Reported figures for the third quarter show that revenues for Abbott Laboratories (NYSE:ABT) fell by less than 1% to $9.77 billion. Analysts had expected a revenue figure of $9.94 billion. EPS for the quarter, however, beat analyst expectations and stood at $1.3, excluding onetime items, against a consensus estimate of $1.28. The company's shares are down 4.28%. The stock has yielded a one-year return of 36%. The company also recorded $478 million of restructuring charges relating to job cuts.
We believe the stability that the company will gain from the proposed spin-off is priced in, and we do not forecast capital appreciation at this point. We therefore recommend the stock as a hold.
Abbott Laboratories discovers, develops and manufactures a wide variety of healthcare products and operates through five segments, namely Proprietary Pharmaceutical Products, Established Pharmaceutical Products, Diagnostic Products, Nutritional Products and Vascular Products. Although the company does not face many patent expirations in the near future, it will face generic competition in the future due to the patent loss for TRICOR in July this year.
ABT's blockbuster drug remains HUMIRA, which will also be a key driver of growth for AbbVie. Last year, the drug accounted for 20% of total revenues and substantial double-digit growth this year. Sales of the drug in the current quarter rose 15.3% to $2.3 billion. There are several factors that contributed to this strong performance, including 1) increasing patient demand that led to a market share increase in dermatology and gastroenterology, and 2) its approval for new indications for example UC in the U.S. and Europe, and axial SpA in Europe, with the drug being approved for a total of 8 indications. Furthermore, emerging markets were a strong contributor to earnings with sales for the quarter reaching $2.6 billion, representing an increase of 10% on an operational basis.
The company's nutrition business faced some challenges when it recalled its infant formula Similac back in 2010. Since then, the company has bounced back in its high cash flow generating segment and recorded double-digit growth in its key pediatric and adult nutrition products like PediaSure Clear, Similac with Lutein, Ensure Clear and Glucerna Hunger Smart.
Abbott is a leader in the global nutrition market and is set to benefit from the increase in the global nutrition market, which will grow to $50 billion by 2016 from the current figure of $35 billion. An aging population and low penetration rate of nutritional product will fuel growth. The business has performed well within the U.S. and plans to rapidly progress outside the U.S. by investing in product pipeline and infrastructure, bolstered by modern manufacturing facilities in India and China. China remains the largest market for the nutrition business and has a potential of $7 billion.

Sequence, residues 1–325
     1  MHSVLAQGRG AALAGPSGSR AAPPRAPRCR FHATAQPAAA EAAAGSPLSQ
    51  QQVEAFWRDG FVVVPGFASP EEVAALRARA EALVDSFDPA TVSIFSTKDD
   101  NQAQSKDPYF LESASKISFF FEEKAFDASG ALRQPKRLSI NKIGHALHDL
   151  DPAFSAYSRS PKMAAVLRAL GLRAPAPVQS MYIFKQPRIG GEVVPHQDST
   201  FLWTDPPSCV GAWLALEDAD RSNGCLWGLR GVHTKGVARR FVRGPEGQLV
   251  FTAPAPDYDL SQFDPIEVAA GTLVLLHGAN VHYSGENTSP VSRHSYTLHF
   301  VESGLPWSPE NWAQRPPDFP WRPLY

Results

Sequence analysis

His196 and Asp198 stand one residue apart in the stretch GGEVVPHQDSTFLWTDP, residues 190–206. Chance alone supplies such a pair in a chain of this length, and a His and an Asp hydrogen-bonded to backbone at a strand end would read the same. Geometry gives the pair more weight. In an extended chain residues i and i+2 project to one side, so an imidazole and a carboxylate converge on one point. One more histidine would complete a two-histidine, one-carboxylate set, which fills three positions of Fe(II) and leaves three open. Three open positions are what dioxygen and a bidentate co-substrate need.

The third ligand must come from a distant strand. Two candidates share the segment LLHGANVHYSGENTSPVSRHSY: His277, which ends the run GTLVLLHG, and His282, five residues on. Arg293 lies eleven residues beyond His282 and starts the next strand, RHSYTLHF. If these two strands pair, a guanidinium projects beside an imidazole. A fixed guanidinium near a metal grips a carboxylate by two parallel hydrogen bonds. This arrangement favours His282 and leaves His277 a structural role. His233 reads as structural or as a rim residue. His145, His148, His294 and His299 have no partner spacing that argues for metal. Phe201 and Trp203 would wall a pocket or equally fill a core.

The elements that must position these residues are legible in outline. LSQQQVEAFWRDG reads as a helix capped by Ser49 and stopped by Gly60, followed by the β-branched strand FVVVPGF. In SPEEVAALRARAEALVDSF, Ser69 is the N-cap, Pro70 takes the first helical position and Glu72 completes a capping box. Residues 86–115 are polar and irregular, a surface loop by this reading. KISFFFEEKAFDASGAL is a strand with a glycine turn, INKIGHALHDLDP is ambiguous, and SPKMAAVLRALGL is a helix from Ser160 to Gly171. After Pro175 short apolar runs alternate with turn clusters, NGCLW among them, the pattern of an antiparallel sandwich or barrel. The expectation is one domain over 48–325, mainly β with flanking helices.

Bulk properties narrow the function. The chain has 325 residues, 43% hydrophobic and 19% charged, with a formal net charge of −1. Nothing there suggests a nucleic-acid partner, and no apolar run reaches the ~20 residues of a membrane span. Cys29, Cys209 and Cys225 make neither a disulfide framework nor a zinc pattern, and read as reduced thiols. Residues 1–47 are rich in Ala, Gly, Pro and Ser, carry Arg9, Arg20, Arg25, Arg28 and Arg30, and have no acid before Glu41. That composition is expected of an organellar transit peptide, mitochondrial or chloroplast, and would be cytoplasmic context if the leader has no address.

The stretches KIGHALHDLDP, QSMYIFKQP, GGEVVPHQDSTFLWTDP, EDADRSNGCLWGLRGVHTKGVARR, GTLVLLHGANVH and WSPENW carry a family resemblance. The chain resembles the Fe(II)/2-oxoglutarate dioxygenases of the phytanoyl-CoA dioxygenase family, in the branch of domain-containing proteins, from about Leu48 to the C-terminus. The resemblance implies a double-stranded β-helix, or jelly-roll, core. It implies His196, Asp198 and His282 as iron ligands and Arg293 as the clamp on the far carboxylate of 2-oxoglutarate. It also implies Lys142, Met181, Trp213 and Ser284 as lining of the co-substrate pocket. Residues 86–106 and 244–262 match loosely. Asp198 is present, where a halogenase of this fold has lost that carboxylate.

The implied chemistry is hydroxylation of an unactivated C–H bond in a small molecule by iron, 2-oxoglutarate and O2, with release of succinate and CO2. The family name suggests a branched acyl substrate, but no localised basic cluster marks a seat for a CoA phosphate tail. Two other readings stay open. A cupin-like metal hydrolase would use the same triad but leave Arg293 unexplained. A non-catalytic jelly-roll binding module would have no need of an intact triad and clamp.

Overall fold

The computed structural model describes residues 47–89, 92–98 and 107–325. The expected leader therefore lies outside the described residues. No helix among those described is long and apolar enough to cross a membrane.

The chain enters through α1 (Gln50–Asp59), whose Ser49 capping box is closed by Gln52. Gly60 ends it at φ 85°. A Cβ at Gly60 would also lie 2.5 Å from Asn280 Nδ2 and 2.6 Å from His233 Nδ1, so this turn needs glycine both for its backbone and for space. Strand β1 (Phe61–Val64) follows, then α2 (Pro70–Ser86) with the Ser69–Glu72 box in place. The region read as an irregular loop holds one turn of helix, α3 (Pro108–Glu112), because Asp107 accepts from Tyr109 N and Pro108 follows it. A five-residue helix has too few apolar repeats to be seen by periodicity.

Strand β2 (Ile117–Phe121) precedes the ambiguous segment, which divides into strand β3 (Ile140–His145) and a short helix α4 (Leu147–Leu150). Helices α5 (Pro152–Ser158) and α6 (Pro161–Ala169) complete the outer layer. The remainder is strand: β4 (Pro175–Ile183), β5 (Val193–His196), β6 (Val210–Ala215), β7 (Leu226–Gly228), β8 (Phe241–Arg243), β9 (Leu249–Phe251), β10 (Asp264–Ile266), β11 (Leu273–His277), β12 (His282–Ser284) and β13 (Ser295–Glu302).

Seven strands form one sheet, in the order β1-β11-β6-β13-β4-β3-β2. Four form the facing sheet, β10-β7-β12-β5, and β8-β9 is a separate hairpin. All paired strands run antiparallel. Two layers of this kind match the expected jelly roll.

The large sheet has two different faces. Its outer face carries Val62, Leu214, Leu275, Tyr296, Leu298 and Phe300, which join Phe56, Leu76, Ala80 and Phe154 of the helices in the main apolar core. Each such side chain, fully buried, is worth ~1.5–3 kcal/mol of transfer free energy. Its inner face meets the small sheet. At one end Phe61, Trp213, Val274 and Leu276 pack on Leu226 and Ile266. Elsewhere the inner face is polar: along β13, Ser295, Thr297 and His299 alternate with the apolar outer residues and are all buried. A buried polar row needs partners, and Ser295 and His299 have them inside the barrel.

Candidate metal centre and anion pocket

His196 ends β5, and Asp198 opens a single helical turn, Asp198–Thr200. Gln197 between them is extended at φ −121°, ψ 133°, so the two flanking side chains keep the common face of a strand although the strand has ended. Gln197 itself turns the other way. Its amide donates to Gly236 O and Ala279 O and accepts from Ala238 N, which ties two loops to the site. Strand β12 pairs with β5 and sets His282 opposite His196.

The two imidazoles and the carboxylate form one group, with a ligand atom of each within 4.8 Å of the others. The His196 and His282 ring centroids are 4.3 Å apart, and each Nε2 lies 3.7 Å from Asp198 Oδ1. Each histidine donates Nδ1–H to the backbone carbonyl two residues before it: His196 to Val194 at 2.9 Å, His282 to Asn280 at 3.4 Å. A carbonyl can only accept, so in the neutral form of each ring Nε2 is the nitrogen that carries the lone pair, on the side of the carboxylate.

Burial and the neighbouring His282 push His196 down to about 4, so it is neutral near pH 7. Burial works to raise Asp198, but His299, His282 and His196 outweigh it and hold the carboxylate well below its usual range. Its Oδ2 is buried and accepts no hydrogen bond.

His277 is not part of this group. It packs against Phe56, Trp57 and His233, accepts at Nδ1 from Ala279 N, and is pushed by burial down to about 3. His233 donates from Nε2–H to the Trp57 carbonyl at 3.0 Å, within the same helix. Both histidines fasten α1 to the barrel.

The company has plans to spin off the pharmaceutical segment into a separate entity by the end of 2012. AbbVie, the name suggested for the new entity, will be focusing on branded brands like Humira. The move is driven by a belief to isolate Abbott from the uncertainties of the pharmaceutical business, which involves the constant struggle to innovate and bring new drugs into the market to generate a steady stream of revenues. Instead, the business will be left with the stable and predictable business of nutrition, generic drugs and heart stents, and thereby generating more predictable cash flows for its shareholders.
GlaxoSmith Kline (NYSE:GSK)
The dividend yield provided by the company is the lowest amongst its competitors cited above. The total debt-to-equity ratio is 74%, along with an interest coverage ratio of 14.5x. We do not forecast price appreciation at the moment, and therefore recommend the stock as a hold. The company has maintained a three-year average dividend coverage ratio of 2.5x, representing its substantial cash flow to make payments to its shareholders.